491 Mass. 223

February 2, 2022 - January 27, 2023

Court Below: Superior Court, Middlesex County

Present: Budd, C.J., Gaziano, Lowy, Cypher, Kafker, Wendlandt, & Georges, JJ.

Records And Briefs:


Medicaid. MassHealth. Annuity. Contract, Construction of contract. Federal Preemption. Statute, Construction, Federal preemption.

In a civil action brought by the contingent remainder beneficiary (plaintiff) of an annuity purchased to enable the annuity owner's wife to become eligible for Medicaid benefits, the Superior Court judge erred in granting summary judgment in favor of the plaintiff, where the Commonwealth, as primary remainder beneficiary, was entitled, following the death of the annuity owner, to the remainder of the annuity up to the amount that the Commonwealth paid for the wife's care [229-232]; further, there was no merit to the claim that the annuity contract referred only to benefits paid on the annuity owner's behalf [232-233]; moreover, to the extent G. L. c. 118E, § 31, would prevent the Commonwealth from collecting the annuity proceeds that the annuity owner designated it to receive, the statute was preempted by Federal law [233-234].

Civil action commenced in the Superior Court Department on August 4, 2017.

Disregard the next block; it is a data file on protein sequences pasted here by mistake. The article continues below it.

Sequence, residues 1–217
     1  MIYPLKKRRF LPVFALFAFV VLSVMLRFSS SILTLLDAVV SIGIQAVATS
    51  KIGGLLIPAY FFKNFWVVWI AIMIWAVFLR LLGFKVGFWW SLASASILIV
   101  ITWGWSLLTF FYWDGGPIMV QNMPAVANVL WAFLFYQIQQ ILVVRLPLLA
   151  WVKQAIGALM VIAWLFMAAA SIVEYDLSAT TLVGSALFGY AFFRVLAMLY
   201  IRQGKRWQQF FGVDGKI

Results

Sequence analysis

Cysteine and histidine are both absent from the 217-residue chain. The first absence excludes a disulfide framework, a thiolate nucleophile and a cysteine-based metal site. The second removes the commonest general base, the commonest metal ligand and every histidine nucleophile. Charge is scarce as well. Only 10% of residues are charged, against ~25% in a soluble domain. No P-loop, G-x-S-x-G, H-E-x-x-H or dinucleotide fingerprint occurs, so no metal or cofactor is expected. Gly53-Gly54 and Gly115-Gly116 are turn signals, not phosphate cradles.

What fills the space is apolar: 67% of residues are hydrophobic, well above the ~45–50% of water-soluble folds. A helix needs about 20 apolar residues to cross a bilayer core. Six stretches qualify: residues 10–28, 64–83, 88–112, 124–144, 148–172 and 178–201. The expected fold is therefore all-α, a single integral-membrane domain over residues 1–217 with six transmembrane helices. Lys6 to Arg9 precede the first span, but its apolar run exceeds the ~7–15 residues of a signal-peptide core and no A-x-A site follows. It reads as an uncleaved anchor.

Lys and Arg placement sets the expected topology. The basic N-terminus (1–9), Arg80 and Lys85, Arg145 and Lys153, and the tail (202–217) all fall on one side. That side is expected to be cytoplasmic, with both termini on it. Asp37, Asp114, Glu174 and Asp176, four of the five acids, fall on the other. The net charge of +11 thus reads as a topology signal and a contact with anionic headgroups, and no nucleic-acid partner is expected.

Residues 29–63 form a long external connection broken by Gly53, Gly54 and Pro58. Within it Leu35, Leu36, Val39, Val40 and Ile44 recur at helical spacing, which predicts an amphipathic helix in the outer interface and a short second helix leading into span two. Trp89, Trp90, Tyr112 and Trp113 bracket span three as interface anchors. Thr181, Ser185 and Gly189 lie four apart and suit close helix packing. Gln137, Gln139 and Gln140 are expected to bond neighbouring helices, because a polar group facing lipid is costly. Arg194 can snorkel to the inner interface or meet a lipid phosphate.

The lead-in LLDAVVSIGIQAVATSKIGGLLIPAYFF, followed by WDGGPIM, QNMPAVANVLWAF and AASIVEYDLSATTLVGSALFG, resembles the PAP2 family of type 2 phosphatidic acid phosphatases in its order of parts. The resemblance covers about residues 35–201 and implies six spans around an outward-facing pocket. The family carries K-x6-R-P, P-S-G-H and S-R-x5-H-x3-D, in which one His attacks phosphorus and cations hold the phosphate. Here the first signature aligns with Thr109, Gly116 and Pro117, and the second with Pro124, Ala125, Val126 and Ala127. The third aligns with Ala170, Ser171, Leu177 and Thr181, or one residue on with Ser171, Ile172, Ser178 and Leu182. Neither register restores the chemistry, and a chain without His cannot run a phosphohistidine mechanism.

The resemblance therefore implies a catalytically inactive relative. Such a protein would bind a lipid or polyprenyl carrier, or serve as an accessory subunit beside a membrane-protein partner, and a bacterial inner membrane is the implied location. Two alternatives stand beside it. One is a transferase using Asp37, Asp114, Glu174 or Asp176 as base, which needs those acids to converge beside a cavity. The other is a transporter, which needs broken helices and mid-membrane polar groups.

The case was heard by C. William Barrett, J., on motions for summary judgment.

The Supreme Judicial Court granted an application for direct appellate review.

Jesse M. Boodoo, Assistant Attorney General, for the defendant.

Lisa M. Neeley for the plaintiff.

Patricia Keane Martin, Clarence D. Richardson, Jr., & C. Alex Hahn, for Massachusetts Chapter of the National Academy of Elder Law Attorneys, amicus curiae, submitted a brief.

BUDD, C.J. Robert G. Hamel purchased an annuity issued by Nationwide Life Insurance Company (Nationwide) to help his wife, Joan Hamel, [Note 1] become eligible for Medicaid benefits to pay for her long-term care. Robert named the Commonwealth as the

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primary remainder beneficiary to the "extent benefits paid," and the plaintiff, his daughter Laurie A. Dermody, as the contingent remainder beneficiary. When Robert died before the end of the annuity period, the plaintiff brought suit against the Executive Office of Health and Human Services (Commonwealth) and Nationwide contending that she, rather than the Commonwealth, was entitled to the remainder of the annuity. A Superior Court judge agreed with the plaintiff. For the reasons that follow, we reverse. [Note 2]

Facts and prior proceedings. We recite the undisputed facts, reserving some details for later discussion. In May 2015, Joan was admitted to a skilled nursing facility for long-term care. The following month, Robert used spousal resources to purchase an annuity contract (annuity) from Nationwide. Robert paid a single premium of $172,000 for the annuity, which provided for a monthly payment to him of $2,873.69 for a five-year term. [Note 3] It is undisputed that the purchase of the annuity was intended to help Joan become eligible for long-term care benefits pursuant to the Medicaid Act and MassHealth regulations. In the application for the annuity, Robert listed "Commonwealth of MA the Extent Benefits Paid [sic]" as the primary remainder beneficiary and the plaintiff as the contingent remainder beneficiary. [Note 4]